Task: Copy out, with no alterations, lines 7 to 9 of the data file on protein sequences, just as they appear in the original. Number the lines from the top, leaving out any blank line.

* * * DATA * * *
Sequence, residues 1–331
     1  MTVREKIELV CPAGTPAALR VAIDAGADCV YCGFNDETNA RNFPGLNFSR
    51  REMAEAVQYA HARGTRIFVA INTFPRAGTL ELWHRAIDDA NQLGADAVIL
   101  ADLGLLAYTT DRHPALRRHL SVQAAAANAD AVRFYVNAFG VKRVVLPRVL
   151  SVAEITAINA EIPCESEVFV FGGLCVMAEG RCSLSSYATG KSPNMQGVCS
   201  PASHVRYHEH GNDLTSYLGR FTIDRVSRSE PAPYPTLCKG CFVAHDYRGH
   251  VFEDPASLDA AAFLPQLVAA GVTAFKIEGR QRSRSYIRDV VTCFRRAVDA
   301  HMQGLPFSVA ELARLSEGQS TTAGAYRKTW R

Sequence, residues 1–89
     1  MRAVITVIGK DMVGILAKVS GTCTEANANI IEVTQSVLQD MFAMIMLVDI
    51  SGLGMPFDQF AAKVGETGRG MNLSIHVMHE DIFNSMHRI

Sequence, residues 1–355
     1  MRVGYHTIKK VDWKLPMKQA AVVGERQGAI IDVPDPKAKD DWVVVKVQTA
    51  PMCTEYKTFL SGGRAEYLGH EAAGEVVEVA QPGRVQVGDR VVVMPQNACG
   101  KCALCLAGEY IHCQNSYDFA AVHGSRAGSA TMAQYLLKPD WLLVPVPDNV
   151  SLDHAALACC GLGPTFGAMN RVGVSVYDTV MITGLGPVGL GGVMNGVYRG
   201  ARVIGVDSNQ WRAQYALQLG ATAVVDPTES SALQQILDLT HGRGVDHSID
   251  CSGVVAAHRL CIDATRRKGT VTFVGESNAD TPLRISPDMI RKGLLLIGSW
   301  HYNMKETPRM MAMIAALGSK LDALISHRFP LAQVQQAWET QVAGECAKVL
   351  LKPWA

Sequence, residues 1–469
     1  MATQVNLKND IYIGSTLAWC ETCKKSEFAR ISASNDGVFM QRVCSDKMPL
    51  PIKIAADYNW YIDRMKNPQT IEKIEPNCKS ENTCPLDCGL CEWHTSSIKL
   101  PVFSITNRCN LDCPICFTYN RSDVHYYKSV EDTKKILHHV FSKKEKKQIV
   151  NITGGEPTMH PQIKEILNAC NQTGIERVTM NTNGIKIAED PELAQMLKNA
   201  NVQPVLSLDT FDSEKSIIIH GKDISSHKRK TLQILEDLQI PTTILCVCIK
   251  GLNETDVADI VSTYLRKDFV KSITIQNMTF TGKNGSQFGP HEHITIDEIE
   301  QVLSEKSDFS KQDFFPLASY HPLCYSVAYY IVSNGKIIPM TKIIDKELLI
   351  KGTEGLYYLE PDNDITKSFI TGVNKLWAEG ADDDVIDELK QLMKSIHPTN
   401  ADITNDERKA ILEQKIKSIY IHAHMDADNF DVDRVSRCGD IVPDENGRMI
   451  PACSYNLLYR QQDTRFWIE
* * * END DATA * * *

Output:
   251  VFEDPASLDA AAFLPQLVAA GVTAFKIEGR QRSRSYIRDV VTCFRRAVDA
   301  HMQGLPFSVA ELARLSEGQS TTAGAYRKTW R

Sequence, residues 1–89